Schemes to avoid empty rates
Many businesses are finding it difficult to survive in the
current economic climate and must restructure.
This has had a particular impact on the High Street, with
unprofitable shops closing down and disappearing.
Landlords are often left with an empty shop or office space with
no rental income, but are liable to pay business rates.
Under ‘The Non-Domestic Rating (Unoccupied Property) (England)
Regulations 2008’, a landlord only qualifies for a maximum of three
months empty rates relief where the property is empty continuously
for three months.
Change of ownership will not trigger a fresh period of empty
rates relief and any occupation for less than six weeks during this
period will not be a rateable occupation.
To minimise rates liability, landlords have been granting
Licences to Occupy any empty space for six weeks (minimum) to
businesses or charities free, particularly as the latter are exempt
In Makro Properties Ltd v Nuneaton and Bedworth Borough Council
(2012) the High Court considered a magistrates’ decision that
letting 0.2% of a warehouse for storage of 40 pallets for six
months was not a rateable occupation and did not trigger empty
rates relief as the only intention was to avoid liability.
A Rateable Occupation requires:
1 Actual occupational possession (which involves actual use of the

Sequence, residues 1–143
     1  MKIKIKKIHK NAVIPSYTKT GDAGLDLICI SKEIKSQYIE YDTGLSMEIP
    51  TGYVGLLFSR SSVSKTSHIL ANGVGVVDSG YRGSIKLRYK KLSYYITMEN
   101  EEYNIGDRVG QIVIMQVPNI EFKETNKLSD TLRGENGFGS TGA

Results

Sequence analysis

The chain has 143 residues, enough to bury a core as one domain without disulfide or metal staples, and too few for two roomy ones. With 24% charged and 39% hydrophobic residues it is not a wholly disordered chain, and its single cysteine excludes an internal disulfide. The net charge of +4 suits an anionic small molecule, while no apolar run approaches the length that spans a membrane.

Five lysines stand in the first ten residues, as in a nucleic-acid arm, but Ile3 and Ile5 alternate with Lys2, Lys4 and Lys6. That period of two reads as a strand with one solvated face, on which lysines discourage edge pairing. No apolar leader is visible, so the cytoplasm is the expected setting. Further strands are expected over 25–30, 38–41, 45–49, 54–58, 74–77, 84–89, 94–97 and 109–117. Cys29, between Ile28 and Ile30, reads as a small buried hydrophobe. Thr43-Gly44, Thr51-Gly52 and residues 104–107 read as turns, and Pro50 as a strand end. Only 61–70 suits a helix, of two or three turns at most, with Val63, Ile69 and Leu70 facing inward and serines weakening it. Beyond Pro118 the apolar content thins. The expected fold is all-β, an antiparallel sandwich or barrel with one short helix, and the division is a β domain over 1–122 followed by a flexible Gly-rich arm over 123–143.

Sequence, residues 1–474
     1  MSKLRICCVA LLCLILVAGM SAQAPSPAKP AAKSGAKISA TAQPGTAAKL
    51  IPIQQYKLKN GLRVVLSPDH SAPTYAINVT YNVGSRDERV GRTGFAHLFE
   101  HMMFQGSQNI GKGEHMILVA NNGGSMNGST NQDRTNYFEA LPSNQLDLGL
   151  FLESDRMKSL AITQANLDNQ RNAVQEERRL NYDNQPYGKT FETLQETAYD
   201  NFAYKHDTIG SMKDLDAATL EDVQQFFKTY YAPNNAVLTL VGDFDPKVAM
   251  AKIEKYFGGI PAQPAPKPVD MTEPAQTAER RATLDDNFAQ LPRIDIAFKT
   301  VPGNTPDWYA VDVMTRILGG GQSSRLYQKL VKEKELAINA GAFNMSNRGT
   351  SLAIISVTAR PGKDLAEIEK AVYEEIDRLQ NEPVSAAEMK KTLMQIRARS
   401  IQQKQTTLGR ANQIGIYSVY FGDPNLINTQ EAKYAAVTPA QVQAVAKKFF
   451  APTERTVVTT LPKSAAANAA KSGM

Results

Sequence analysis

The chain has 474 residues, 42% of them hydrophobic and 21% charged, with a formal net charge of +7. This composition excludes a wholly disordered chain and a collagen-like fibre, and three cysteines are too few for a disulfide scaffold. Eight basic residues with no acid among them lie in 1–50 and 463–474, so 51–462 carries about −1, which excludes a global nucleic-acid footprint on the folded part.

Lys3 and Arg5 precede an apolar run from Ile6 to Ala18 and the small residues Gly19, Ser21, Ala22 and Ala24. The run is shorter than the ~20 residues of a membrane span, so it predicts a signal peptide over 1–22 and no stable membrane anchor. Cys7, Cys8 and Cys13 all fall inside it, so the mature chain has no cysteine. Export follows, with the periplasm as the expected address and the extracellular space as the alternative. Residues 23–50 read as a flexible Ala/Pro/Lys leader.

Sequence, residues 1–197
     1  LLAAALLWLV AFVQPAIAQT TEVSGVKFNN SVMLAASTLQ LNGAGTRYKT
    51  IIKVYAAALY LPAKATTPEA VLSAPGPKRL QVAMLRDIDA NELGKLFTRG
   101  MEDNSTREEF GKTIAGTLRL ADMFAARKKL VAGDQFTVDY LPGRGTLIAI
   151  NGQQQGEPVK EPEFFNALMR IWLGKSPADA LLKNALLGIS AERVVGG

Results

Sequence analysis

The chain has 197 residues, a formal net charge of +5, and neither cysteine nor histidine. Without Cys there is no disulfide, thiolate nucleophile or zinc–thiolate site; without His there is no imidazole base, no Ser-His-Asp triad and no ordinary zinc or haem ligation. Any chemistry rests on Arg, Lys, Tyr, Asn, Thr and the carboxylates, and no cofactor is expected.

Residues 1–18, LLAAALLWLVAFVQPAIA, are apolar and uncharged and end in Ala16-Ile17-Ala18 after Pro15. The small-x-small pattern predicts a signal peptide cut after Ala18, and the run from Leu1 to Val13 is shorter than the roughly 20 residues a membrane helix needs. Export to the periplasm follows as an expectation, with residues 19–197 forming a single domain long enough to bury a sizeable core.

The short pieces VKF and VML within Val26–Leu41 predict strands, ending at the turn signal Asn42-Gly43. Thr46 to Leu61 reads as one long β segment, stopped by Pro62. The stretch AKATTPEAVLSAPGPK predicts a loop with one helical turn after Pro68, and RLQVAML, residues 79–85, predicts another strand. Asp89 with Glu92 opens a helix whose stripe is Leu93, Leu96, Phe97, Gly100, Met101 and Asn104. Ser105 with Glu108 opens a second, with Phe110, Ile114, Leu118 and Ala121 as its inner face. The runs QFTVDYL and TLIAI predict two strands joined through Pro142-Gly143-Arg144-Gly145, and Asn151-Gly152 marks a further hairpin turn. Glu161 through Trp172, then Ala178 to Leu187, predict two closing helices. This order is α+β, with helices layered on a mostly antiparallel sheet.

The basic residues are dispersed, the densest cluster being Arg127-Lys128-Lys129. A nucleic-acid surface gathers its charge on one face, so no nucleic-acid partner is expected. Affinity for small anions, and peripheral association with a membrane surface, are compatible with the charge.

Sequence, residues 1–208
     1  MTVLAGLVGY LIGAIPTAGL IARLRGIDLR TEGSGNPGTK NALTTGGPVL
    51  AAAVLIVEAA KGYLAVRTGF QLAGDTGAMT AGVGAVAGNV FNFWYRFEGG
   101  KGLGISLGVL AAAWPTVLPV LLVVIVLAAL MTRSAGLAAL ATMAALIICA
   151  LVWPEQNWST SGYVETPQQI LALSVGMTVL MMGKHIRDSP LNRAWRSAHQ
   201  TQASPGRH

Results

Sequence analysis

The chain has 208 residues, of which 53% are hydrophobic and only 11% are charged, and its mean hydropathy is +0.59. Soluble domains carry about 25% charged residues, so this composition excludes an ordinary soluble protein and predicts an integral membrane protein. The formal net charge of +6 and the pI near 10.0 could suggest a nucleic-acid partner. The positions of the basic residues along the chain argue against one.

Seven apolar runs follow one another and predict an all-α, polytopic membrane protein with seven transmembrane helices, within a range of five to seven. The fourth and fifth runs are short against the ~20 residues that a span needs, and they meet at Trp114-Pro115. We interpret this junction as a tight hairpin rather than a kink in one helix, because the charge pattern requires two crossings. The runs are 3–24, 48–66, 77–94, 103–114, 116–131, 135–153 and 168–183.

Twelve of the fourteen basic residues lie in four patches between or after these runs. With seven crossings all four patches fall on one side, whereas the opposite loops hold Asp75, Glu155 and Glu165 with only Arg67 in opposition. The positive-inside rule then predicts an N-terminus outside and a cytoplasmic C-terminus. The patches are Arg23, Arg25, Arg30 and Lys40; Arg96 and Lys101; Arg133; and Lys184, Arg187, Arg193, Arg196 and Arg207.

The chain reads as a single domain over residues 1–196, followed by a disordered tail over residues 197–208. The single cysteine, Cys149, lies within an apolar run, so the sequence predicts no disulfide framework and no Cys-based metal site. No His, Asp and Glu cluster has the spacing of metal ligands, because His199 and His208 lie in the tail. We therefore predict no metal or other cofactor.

2 Occupation or possession that is exclusive
3 Occupation or possession which is of some value or benefit to the
occupier or possessor
4 Occupation or possession which has a sufficient quality of
Considering the above, the High Court held that despite the size
of the space and that the pallets could have been stored elsewhere,
the landlord had let the warehouse to store documents which must be
retained for legal reasons and were of practical benefit.
The case provides useful guidance on the types of short term
lettings of six weeks (minimum) which could trigger a fresh period
of empty rates relief even where the landlord’s intention is to
This could lead to savings to landlords who could benefit from
an additional five months empty rates relief per annum.
While the government may legislate to close this loophole, any
landlord should ensure that the four conditions are met to take
advantage of the same.
In particular, (1) clear evidence of an intention to occupy, (2)
the use of the space is not insignificant as without evidence of
intention a slight user may not be sufficient, and (3) there is
limited control of the unit by the landlord indicating a
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